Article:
Study: Cities Speak A Different Language Than Their Small-Town Neighbors
David Berreby is the author of "Us and Them: The Science of Identity." He has written about human behavior and other science topics for The New Yorker, The New York Times Magazine, Slate, Smithsonian, The New Republic, Nature, Discover, Vogue and many other publications. He has been a Visiting Scholar at the University of Paris, a Science Writing Fellow at the Marine Biological Laboratory, a resident at Yaddo, and in 2006 was awarded the Erving Goffman Award for Outstanding Scholarship for the first edition of "Us and Them." David can be found on Twitter at @davidberreby and reached by email at david [at] davidberreby [dot] com.
Whatever your native language, you've probably noticed that city people speak it differently than do country folk. But so what? It's also true that Chicagoans speak a bit differently than do Baltimoreans, and the French of Marseilles is not that of Paris. When it comes to differences in accent, grammar and vocabulary, you might expect that region, culture, social class and gender would count for more than the size of your town. So the people of, say, Caracas, should sound more like their fellow Venezuelans than like people in Miami. But according to this paper, you would be wrong. "The Spanish language," its authors write, "is split into two superdialects"—a city dialect in which Caracas and Miami have a lot in common, versus a dialect of rural regions and small towns.
As novel as the finding is the method that Bruno Gonçalves and David Sánchez used to distinguish the dialects: They analyzed every tweet made in Spanish over two years for which geolocation data was also available (they don't say which years). Breaking down these 50 million tweets according to different words used for "computer," "car," and other key concepts revealed the boundaries of the two dialects.
The researchers used Spanish because it is widely spoken and widely spread across several continents. Spanish also has plenty of Twitter users (unlike Chinese) to supply evidence. And written Spanish is logical—the letters you see represent the sounds you'd hear. On the other hand, in English (as noted here) the same letter combo can represent five different sounds ("Though I cough through the day, this rough bough comforts me"). Conversely, different sounds can be rendered by the same letters ("Archer, I bow to your bow, and I will lead you to the mines of lead"). That sort of thing, which has incensed sensible people for centuries, messes up textual analysis.
The researchers divided up the Spanish-tweeting world into cells of approximately 25 square kilometers each, and noted in each cell the majority-endorsed words for 131 key things. That gave them a map distinguishing, for example, places where the word for "computer" was "computadora" from those where the word is "computador" or "ordenador." They then applied their algorithms to identify cells that are closely related to each other. In this way, they discovered "a profound correlation" between one widespread dialect and areas of high population density. In other words, one of their super dialects was spoken mostly in cities—even cities as widely scattered about the globe as Buenos Aires, San Diego and San Juan. The other cluster is spoken outside major urban centers. "This suggests a natural lexical bipartition of Spanish into two superdialects," they write. "Superdialect α is utilized by speakers in main American and Spanish cities and corresponds to an international variety with a strongly urban component while superdialect β is comprised mostly of rural areas and small towns."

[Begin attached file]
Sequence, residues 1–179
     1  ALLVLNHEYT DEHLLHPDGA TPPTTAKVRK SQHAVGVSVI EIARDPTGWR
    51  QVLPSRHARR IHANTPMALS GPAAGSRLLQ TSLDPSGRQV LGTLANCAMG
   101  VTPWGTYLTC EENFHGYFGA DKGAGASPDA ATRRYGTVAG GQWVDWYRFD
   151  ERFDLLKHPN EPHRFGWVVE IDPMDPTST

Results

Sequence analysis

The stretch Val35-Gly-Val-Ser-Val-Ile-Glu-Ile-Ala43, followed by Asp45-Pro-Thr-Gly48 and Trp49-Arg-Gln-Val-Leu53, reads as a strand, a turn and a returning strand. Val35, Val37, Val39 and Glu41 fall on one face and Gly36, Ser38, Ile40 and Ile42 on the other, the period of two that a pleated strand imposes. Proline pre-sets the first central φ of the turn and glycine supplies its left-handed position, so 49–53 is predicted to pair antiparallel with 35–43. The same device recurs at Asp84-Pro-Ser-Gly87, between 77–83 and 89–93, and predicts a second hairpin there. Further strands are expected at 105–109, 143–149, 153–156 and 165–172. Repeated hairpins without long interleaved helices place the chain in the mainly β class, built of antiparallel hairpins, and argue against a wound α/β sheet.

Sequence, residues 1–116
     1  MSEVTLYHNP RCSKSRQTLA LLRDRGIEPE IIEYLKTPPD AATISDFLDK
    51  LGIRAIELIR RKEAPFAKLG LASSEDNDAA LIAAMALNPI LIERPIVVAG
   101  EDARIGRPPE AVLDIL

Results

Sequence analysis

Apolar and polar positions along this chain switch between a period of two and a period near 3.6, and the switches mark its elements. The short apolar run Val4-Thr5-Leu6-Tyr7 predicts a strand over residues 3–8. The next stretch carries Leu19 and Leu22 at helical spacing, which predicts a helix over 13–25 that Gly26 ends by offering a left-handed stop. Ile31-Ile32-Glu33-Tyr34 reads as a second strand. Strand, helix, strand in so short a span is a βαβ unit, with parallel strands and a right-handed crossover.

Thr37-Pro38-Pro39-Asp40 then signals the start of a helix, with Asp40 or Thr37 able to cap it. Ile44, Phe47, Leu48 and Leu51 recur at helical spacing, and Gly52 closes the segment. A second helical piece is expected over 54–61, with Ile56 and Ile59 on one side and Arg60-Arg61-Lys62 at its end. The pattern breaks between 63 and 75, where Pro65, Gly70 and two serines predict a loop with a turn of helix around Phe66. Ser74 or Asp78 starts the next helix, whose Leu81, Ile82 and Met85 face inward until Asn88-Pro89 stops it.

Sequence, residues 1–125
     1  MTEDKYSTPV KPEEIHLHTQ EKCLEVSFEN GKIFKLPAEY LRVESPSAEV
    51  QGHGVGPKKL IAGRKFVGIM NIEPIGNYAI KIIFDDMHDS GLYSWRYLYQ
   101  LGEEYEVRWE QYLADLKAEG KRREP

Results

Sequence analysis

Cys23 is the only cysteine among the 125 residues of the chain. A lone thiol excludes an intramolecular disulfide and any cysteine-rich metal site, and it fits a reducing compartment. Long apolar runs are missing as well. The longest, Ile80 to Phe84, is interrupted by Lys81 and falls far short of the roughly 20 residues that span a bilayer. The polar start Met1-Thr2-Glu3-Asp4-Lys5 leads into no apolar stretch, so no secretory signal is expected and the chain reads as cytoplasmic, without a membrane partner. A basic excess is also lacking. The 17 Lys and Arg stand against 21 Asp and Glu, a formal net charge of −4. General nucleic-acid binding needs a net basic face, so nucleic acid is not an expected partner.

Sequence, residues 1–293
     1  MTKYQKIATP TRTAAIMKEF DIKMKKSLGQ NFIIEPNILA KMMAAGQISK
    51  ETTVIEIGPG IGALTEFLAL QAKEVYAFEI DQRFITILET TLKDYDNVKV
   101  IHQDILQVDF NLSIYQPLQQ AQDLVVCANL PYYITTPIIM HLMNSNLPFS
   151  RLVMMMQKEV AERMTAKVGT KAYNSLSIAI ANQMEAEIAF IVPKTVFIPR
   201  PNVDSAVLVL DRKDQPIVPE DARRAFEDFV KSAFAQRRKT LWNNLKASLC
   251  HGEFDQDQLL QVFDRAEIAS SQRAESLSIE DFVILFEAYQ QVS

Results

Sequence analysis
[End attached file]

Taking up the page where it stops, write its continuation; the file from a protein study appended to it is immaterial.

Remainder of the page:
Why cities? Because people who move to cities want to communicate with one another (and, I am guessing, want to sound as if they didn't just step off the boat from Nowheresville). For the sake of efficiency and identity, then, city-dwellers are inclined to drop the more idiosyncratic parts of their speech. They come to talk like their fellow city-dwellers, not Mom and Pop back home. "This leveling process," write Gonçalves and Sánchez, is present throughout the Spanish-speaking cities, where it "is reinforced by the rapid increase of worldwide social ties and the powerful influence of mass media precisely located in important metropolitan areas (Madrid, Mexico City, Miami)."
That Twitter can be used to find heretofore unrecognized dialects surprised me (who knew 140-character utterances could be so revealing?) but Gonçalves and Sánchez believe it's likely to be a rich Big-Data source of insights into language. In fact, they think, the abundance of tweets worldwide, combined with GPS data, could soon permit linguists to track language differences in real time, as they arise and evolve among different regions.
I was tempted to call their paper a "Big Data" approach to language analysis. But the term is almost a misnomer. They made a new finding not because their data was abundant but because it was different. Instead of having to go out and interview (often male, often rural) people to ask about their language use, the researchers had an immense river of language use ready and waiting for them. This is the new kind of data all of us are generating every day, in tweets, Facebook likes, YouTube clicks and so on. Where once we had to be asked about a topic, and think about our answers, we now reveal ourselves without thinking. This may not be great for our notions of personal autonomy, but it is going to be a great source of insight into human behavior for a long time to come.
Illustration: Geographical distribution of the dominant word for the concepts Computer (left) and Car (right), from the paper.
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